Citizen Engagement and Participation: Involved citizens make our community and neighborhoods better places to live, raise our families and recreate.

Equitable Access: No matter where they live, who they are or what language they speak, Seattle residents deserve to know about and be able to participate in a broad range of quality recreation and lifelong learning opportunities.

People: Residents' interaction with dedicated, diverse and caring staff and volunteers are keys to Seattle's quality of life.

Community: People thrive as individuals when they have a sense of belonging to their community and have opportunities to come together to recreate, socialize and learn.

Accountability: Integrity and transparency of decisions affecting program, finance and people are fundamental to public trust.

ARC serves Seattle residents by offering a variety of recreational and lifelong learning activities in partnership with Seattle Parks and Recreation through a wide range of programs, classes, and activities to increase the utilization of the city's parks and facilities. ARC creates a space where children, teens, families and adults can come together to learn, create and attain their best through athletics, the arts, education, environmental stewardship and community events. ARC provides programing and services for 26 Community Centers, 10 Community Pools, the Amy Yee Tennis Center, 3 Environmental Learning Centers, 3 Citywide Programs (Athletics, Lifelong Recreation and Specialized Programs), 3 Small Craft Programs, and 5 RecTech Programs. ARC offers youth scholarships in our many programs that include: sports teams, summer day camps, the Camp Long challenge course, environmental learning programs, tennis lessons, swim lessons and more.

Currently, there are 79 paid full-time staff and 394 part-time staff (many of which are seasonal, summer employees) employed by ARC. On average we work with about 400 volunteers each year.

ARC provides more than 2,500 children and adults across Central and South Seattle with free and low-cost technology access and training at our RecTech Community Technology Centers. Our School-Age Care Program serves over 1,500 children monthly in before and after-school programs and 1,100 children each week during summer day camp. More than 400 senior adults participate in our Sounds Steps each month, and about 450 adults and youth with special needs participate in our specialized athletic programs each year.

We are particularly proud to represent the voice of the community and inject that voice into the programs offered citywide. Programs and services are designed to be responsive to community need, as expressed through the 37 Advisory Councils made up of volunteers representing their own neighborhood or local community.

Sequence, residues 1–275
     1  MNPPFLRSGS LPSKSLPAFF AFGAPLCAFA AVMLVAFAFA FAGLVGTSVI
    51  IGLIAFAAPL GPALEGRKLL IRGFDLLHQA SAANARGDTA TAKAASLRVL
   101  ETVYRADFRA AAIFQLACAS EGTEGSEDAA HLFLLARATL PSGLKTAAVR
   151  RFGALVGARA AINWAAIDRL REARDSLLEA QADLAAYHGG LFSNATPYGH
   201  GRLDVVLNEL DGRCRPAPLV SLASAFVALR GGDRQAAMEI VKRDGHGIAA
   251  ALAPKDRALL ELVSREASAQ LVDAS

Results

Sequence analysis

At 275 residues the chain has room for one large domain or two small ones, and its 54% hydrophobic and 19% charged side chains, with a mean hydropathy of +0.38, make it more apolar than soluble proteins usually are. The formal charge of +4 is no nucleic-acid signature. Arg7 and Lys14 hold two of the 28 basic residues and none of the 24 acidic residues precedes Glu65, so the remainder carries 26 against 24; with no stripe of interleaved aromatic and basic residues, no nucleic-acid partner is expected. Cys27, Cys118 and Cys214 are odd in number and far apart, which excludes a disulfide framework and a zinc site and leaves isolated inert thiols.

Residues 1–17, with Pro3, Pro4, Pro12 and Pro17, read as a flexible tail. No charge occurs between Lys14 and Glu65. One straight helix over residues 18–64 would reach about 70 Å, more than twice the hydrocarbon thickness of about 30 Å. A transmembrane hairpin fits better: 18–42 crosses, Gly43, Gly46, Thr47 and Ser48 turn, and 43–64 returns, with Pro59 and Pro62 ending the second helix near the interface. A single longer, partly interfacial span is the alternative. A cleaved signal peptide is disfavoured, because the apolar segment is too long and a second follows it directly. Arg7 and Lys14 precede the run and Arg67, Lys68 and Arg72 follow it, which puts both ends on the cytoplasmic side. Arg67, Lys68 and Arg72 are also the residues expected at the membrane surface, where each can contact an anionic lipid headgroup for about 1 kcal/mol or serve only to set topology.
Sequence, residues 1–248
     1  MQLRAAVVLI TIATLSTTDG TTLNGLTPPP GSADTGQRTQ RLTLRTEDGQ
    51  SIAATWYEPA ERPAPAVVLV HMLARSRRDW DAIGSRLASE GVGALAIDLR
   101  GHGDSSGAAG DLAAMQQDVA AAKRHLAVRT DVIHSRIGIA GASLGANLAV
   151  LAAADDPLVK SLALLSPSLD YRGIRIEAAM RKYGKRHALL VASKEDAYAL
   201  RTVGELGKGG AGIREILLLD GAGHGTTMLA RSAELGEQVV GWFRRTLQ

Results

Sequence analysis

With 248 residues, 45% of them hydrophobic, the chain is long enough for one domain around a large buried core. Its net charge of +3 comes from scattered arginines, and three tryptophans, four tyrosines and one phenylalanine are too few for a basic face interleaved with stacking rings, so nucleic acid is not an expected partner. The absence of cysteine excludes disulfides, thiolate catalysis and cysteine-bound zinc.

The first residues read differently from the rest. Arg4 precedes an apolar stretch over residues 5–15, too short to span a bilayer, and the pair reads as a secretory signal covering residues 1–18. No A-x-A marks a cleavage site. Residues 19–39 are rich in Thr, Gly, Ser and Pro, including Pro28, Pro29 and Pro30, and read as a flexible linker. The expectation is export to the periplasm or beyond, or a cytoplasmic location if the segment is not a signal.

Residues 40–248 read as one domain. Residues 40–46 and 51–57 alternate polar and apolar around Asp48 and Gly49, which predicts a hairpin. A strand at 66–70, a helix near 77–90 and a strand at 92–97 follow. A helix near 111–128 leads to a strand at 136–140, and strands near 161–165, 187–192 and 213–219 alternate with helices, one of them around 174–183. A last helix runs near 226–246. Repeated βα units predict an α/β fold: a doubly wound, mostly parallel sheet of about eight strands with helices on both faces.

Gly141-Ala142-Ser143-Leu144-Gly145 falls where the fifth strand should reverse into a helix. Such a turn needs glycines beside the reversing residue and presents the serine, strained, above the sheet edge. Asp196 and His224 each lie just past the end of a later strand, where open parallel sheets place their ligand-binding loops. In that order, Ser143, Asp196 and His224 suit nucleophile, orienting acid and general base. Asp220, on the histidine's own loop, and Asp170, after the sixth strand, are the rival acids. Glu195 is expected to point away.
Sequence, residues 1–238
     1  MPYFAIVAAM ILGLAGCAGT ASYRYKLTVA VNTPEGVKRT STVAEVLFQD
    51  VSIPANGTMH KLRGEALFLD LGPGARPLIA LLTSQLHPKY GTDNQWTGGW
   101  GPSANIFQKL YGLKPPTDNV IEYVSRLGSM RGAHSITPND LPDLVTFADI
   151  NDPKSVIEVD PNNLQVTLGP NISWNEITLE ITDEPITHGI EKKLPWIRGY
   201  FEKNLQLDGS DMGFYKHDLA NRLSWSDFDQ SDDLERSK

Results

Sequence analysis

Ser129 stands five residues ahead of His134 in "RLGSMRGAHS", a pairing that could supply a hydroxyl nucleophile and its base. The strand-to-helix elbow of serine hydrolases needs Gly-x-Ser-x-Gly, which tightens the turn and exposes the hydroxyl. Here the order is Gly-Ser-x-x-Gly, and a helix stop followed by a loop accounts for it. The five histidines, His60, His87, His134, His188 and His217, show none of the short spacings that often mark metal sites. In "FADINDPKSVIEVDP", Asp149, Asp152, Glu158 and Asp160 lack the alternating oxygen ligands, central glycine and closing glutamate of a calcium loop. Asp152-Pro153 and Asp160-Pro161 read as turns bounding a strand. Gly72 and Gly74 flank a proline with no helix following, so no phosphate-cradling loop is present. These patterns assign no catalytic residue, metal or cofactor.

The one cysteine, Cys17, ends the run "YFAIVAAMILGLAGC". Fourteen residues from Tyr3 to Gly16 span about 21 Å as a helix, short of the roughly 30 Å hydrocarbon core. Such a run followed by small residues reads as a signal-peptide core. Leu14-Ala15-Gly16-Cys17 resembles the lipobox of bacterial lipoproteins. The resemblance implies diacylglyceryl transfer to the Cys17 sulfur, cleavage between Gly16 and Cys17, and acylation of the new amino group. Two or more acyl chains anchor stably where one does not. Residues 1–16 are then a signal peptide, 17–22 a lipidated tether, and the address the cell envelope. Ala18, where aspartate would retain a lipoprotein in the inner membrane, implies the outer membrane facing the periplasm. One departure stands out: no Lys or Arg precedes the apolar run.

Financials

Associated Recreation Council
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Operations

The people, governance practices, and partners that make the organization tick.

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Associated Recreation Council

Board of directors
as of 06/15/2022
SOURCE: Self-reported by organization
Board chair

Mr. Jonathan Hartung

SHKS Architects

Term: 2015 - 2017

Jonathan Hartung

SHKS Architects

Terry Holme

Holme Builders Inc.

James (Vic) Roberson

City of Seattle, Public Utilities

David Towne

Retired

Frana Milan

King County Parks

Bernardo Ruiz

Seattle Public Schools

Mary Anderson

Windermere

Bernardo Ruiz

Ruiz Properties

Dennis Cook

Michael Cuardra

Board leadership practices

SOURCE: Self-reported by organization

GuideStar worked with BoardSource, the national leader in nonprofit board leadership and governance, to create this section.

  • Board orientation and education
    Does the board conduct a formal orientation for new board members and require all board members to sign a written agreement regarding their roles, responsibilities, and expectations? Yes
  • CEO oversight
    Has the board conducted a formal, written assessment of the chief executive within the past year ? Yes
  • Ethics and transparency
    Have the board and senior staff reviewed the conflict-of-interest policy and completed and signed disclosure statements in the past year? Yes
  • Board composition
    Does the board ensure an inclusive board member recruitment process that results in diversity of thought and leadership? Yes
  • Board performance
    Has the board conducted a formal, written self-assessment of its performance within the past three years? Yes